By Sr. Rose Pacatte, F.S.P.
Clint Eastwood’s latest directorial masterpiece is a biopic
about J. Edgar Hoover (1895 - 1972) with Leonardo DiCaprio in the lead
role. Hoover directed the Federal Bureau
of Investigation for 48 years and, according to the film, was a virtual
demigod, a hybrid of a government servant who served his own ego above all.
The film shows aspects of American history few are probably
familiar with such as the Palmer Raids carried out under the direction of
Attorney General Alexander Palmer, “The Fighting Quaker” to qualm activities of
anarchists, real (bombings did occur) or perceived, between 1919 and 1921. It
was one of the first times the Justice Department acted against theoretical
threats and ideas, something that Hoover would continue using illegal wiretaps
and other means to protect the country as he thought was needed.
Hoover saw socialism and communism everywhere.
Much of the film is dedicated to the kidnapping of the
18-month old son of Charles (Josh Lucas) and Ann Morrow Lindberg and the scorn
with which the New Jersey State Police treated Hoover’s belief in forensic
science to solve crimes. If there is one thing that Hoover did that remains a
huge civil and cultural influence today, it is in the area of forensics. There
would be no CSI or legal programs without his groundbreaking work in forensics
and centralizing the data. Ideally, this
kind of information could catch criminals as well as, hypothetically, clear the
innocent. He also envisioned a national identity card, though even today, this
idea is not acceptable to U.S. Citizens because of privacy issues. To Hoover,
his vision of national security tempted the Constitution and all civil rights.
The film shows Hoovers close relationship with his secretary
of more than fifty years, Helen Gandy (Naomi Watts). He trusted her above
everyone as some say because they were both “married” to the Bureau. She
destroyed many files upon his death and insisted none were official, though
Hoover was known to have kept personal files on many people. He best friend and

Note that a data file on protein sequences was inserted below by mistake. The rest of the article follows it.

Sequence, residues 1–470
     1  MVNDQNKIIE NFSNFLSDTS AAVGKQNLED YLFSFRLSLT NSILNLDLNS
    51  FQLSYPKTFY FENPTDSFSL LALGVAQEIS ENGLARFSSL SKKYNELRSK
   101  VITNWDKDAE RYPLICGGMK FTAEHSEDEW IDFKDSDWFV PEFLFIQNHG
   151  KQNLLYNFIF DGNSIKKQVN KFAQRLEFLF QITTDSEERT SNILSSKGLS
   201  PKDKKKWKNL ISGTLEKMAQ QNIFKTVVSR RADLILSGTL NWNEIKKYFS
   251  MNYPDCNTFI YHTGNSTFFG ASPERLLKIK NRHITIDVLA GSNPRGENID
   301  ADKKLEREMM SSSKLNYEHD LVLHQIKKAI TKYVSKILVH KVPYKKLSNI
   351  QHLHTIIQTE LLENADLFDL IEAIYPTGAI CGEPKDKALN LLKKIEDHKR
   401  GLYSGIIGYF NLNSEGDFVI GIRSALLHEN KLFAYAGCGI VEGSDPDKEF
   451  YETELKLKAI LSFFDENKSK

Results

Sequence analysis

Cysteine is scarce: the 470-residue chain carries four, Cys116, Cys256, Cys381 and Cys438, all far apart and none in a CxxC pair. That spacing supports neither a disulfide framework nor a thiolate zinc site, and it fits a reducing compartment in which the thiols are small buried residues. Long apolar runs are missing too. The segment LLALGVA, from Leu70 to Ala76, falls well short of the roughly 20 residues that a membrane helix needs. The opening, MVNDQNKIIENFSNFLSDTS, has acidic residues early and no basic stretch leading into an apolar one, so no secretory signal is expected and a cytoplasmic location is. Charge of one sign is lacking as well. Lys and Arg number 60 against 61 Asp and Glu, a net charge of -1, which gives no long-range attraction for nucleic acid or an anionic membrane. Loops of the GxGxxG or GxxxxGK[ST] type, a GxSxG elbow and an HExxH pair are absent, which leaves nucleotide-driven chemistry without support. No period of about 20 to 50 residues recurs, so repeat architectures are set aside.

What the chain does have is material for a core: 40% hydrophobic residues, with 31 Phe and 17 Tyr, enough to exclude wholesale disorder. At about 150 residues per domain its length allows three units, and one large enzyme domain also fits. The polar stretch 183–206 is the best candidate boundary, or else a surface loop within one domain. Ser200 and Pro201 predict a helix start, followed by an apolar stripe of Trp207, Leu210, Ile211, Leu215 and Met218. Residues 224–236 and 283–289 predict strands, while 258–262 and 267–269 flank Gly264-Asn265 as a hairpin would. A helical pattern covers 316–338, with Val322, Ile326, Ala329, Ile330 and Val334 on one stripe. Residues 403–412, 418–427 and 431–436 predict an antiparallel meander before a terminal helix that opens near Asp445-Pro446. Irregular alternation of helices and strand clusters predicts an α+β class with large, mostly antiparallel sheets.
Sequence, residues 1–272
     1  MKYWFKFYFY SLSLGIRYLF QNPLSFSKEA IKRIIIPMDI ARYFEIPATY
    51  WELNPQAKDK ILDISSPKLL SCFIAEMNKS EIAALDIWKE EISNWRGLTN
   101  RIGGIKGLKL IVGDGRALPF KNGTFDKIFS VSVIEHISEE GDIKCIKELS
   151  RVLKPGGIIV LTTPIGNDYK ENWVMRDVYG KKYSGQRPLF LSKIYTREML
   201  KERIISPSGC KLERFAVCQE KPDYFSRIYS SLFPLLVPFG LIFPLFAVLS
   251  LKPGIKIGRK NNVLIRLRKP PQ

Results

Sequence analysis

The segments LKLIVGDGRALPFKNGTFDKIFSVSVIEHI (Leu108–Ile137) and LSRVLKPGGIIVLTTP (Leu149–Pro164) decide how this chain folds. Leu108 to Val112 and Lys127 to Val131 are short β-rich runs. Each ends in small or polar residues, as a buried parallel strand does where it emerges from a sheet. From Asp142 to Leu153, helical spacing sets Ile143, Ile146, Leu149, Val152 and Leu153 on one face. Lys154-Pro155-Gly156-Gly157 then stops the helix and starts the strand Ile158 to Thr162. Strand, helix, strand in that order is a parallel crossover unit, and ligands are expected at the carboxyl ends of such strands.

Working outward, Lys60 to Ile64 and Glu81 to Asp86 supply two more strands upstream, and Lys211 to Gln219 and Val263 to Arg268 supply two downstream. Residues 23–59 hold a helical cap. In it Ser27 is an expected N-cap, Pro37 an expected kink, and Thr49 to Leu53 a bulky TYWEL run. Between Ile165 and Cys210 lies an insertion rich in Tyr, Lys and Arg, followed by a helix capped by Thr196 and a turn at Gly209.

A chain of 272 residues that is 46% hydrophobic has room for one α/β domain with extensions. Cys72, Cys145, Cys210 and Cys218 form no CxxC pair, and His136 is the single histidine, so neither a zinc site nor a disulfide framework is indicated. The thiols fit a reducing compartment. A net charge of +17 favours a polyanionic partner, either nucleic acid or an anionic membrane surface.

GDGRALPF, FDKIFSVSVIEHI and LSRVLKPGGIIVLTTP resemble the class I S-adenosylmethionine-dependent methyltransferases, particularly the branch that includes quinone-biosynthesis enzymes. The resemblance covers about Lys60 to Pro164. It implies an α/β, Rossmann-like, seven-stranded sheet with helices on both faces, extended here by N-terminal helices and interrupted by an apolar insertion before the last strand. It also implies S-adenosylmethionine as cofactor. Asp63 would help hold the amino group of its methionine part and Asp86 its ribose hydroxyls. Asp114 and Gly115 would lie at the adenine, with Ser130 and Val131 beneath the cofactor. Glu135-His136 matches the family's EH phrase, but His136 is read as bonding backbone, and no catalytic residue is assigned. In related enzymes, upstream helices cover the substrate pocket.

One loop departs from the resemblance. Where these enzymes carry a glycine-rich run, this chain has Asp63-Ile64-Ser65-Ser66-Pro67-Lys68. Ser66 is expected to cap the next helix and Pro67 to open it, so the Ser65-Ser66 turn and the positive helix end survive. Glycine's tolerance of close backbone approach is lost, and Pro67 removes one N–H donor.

colleague was Clyde Tolson (Armie Hammer), with whom some think Hoover had a
homosexual relationship. Tolson was Hoover’s deputy and they took vacations
together; neither married. No one knows for sure what Hoover’s sexual
orientation was, he was most certainly repressed, but the film seems to
represent that his mother (Judy Dench) had a dominant influence on him in all
ways and deterred him from a sexual relationship with a man. He lived with his
mother until her death.
The story is told in a non-linear style, moving back and
forth between the years, editing the young and aging the characters in an
almost seamless fashion. The film is
surely going to be recognized for make-up and costume design.
DiCaprio is brilliant, as usual, and inhabits his character
completely. Armie Hammer as Tolson often tries to reign in Hoovers zeal, and is
a loyal yet vulnerable friend though Hoover’s fastidious pride almost never
allows empathy. The script by Dustin Lance Black is complex and crisp.
Eastwood’s vision is interesting because he is commenting on
American individualism taken to the extreme of almost unbridled power that
neither elected or appointed government officials could regulate.
Eastwood never strays far from the Western myth
and the consequences of accepting it without question.
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